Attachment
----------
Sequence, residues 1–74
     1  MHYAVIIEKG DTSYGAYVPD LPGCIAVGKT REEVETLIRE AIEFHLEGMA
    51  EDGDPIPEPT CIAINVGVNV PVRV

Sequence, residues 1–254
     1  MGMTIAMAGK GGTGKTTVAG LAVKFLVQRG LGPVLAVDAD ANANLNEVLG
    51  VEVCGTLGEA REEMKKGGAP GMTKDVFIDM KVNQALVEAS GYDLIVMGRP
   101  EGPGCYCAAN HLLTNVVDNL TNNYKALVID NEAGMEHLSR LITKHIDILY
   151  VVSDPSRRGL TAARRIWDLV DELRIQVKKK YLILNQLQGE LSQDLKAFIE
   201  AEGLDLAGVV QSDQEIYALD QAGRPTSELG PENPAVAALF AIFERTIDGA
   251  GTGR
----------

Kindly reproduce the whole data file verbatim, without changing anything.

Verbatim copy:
Sequence, residues 1–74
     1  MHYAVIIEKG DTSYGAYVPD LPGCIAVGKT REEVETLIRE AIEFHLEGMA
    51  EDGDPIPEPT CIAINVGVNV PVRV

Sequence, residues 1–254
     1  MGMTIAMAGK GGTGKTTVAG LAVKFLVQRG LGPVLAVDAD ANANLNEVLG
    51  VEVCGTLGEA REEMKKGGAP GMTKDVFIDM KVNQALVEAS GYDLIVMGRP
   101  EGPGCYCAAN HLLTNVVDNL TNNYKALVID NEAGMEHLSR LITKHIDILY
   151  VVSDPSRRGL TAARRIWDLV DELRIQVKKK YLILNQLQGE LSQDLKAFIE
   201  AEGLDLAGVV QSDQEIYALD QAGRPTSELG PENPAVAALF AIFERTIDGA
   251  GTGR